*That* was a great article. The writer has great credibility to my
mind, as I am a registered nurse, former scuba instructor, and former
commercial pilot. I thought I knew a lot about oxygen. It turns out I
wasn't as well informed as I had assumed.
You guys really need to read this if you're interested in compressed
oxygen in any form.
The purity standard for welding O2 is higher than the purity standard
for medical O2. In reality all three normal grades you can get, welding,
medical and aviator exceed all of the standards. Only the analytical
grade is higher purity.
Nope. Why don't you look it up, starting with 1) the percentage of oxygen
and ending with 2) the levels of impurities.
You can't use welding O2 for medical purposes but you can use medical O2
Like I just said, the presence of impurities does not necessarily equate
to medical safety or have a health impact. If those impurities are
nitrogen or water vapor, then what exactly are the health implications
of those? We freeking breath them all the time - in concentrations
several orders of magnitude higher than what could possibly exist in a
tank of welding O2.
But if the analysis does not say what the impurities are, you are trading on
dangerous ground. That welding tank may have been used along with any
other gas used in industrial environments.
Lawyers and other sensible people that do not know what other gas may be in
there. Oxygen falls into the same type of situation ad drugs. The active
ingredients of a pill are often a small percentage of the tablet, the rest
being inert ingredients. There are regulations on what those inert
ingredients can be. There are regulations on how they are handled.
If I was dying in an emergency situation from lack of oxygen, I'd grab any
tank available. If I was at home with COPD, I'd want to be sure that tank
was handled in a proper manner and would not make me worse off.
You're stuck on old paranoia based on information that is decades out of
date. All of the O2 purity grades specify no more than 0.05% impurities,
and the most lax of the standards is the medical / aviator grade. The
reality is that all the grades are filled from the same cryo O2 source
and all are better than 99.99% pure O2.
I know how a medical tank was handled. I don't know anything abut a welding
tank. The oxygen may be pure going in, but I don't know what was in the
I'm not stuck on decades information, my son owns a medical supply company
that supplies oxygen. I worked part time for him filling tanks and
delivering LOX. We followed the regulations on medical oxygen. You are
free to breath whatever you like though.
So you are speculating that the average compressed-gas retailer or
supplier does not perform the same steps to evacuate / clean / what-ever
/ a welding tank that he (or you) does with a medical tank.
So you have a vested interest to maintain the impression that the
average citizen shouldn't or can't use less expensive welding oxygen
tanks in place of "medical" certified tanks for breathing or as a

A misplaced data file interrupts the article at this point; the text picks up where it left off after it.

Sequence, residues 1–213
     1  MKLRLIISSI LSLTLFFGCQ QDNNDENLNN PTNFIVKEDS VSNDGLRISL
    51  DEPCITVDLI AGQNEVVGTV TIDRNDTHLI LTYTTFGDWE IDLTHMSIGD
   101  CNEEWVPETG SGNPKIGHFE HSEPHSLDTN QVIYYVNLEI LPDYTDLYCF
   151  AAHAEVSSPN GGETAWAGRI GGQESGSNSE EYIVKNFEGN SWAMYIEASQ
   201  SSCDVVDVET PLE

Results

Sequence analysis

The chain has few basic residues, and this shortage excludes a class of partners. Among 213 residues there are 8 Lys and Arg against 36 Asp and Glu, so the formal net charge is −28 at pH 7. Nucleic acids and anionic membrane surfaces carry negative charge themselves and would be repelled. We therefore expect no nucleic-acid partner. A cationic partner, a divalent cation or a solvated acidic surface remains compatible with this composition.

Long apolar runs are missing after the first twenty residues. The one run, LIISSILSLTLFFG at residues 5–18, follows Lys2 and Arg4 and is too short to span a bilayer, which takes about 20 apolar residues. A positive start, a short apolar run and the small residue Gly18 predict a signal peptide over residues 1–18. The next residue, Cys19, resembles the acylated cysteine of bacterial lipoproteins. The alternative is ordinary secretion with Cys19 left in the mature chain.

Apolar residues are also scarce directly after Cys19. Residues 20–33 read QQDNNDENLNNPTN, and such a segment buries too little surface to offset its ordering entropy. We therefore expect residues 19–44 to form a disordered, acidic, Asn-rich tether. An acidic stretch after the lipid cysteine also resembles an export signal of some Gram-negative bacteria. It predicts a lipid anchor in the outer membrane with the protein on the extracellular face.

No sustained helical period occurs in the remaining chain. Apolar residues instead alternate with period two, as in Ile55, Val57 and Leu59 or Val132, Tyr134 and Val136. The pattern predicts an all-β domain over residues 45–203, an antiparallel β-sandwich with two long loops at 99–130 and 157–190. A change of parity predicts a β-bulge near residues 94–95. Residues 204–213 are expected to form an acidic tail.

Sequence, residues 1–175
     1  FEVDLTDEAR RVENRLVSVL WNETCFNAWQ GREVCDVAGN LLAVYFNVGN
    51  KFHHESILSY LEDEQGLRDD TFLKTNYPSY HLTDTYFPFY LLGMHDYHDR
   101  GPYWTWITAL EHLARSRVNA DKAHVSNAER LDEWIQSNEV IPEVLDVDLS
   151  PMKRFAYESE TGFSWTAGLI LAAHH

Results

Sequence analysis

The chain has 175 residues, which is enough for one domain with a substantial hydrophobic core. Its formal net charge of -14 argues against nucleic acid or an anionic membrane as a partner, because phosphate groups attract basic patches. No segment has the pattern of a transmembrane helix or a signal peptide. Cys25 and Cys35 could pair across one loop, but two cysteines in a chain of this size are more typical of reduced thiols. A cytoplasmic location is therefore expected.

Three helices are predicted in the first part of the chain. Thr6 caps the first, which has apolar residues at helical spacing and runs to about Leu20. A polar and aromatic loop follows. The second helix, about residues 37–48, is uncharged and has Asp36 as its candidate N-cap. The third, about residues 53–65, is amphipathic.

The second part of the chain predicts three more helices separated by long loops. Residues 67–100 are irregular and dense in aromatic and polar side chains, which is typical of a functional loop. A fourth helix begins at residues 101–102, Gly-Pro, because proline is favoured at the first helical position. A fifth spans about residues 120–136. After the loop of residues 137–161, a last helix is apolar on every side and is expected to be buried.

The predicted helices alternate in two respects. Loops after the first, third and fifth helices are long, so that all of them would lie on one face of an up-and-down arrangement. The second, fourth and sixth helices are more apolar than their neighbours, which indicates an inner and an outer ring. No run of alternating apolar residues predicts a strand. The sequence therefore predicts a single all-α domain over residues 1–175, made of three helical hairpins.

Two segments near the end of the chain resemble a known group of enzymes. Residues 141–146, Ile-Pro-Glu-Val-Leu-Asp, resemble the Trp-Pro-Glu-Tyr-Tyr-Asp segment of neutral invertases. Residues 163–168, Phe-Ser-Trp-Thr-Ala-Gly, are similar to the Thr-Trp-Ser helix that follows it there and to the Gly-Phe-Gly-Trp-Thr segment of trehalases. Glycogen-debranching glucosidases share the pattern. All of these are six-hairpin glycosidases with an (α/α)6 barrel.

I'm not speculalting; you are. I said I did not know but you are trying to
twist that. . Please don't lower yourself that way; it is not very
I have a vested interest in supplying proper care for patients. I'm not
maintaining any impression, I'm dealing with facts.
If it does not have that piece of paper, it is not medical oxygen. By
supplying anything else, a supplier can be sued, can lose accreditation. I
have a vested interest in complying with regulations. Use what you want,
but you won't get it from me. Nor will your insurance company pay for it if
not in compliance.
I know what is in medical oxygen and can trace the source. Until you can do
the same with welding oxygen, it is now allowed for patient use, now matter
how much you say it is the same. FWIW, the actual cost of oxygen has
little bearing on the cost of supplying it to a patient at home. It has no
bearing on how much a supplier is paid by Medicare or insurance,as that is a
fixed amount. They give the supplier $XX per month to cover the oxygen and
all associated supplies and costs. Some patient se 2X or 3X of others, butt
he amount paid is the same. If we could supply welding O2, it would be more
profitable, not less.
I've never stated either why what I think is done to returned welding
tanks prior to getting refilled.
The worst case situation is to assume that no special treatment is done
to them. They are simply connected to a compressor and they are
re-charged with O2, and probably using the same equipment, the same
valves and lines and the same source of O2 that are used to fill all O2
tanks that are sold or rented at that site, which could be for welding,
medical, or aviation use.
I said several times that you are proceeding from a point of view that
the handling and processing of returned welding tanks IS different from
that of medical tanks.
Let me ask you this:
If, hypothetically speaking, a compressed-gas supplier handled and
processed ALL returned O2 cylinders the same way (both welding and
medical cylinders) - which is to say that they are always cleaned,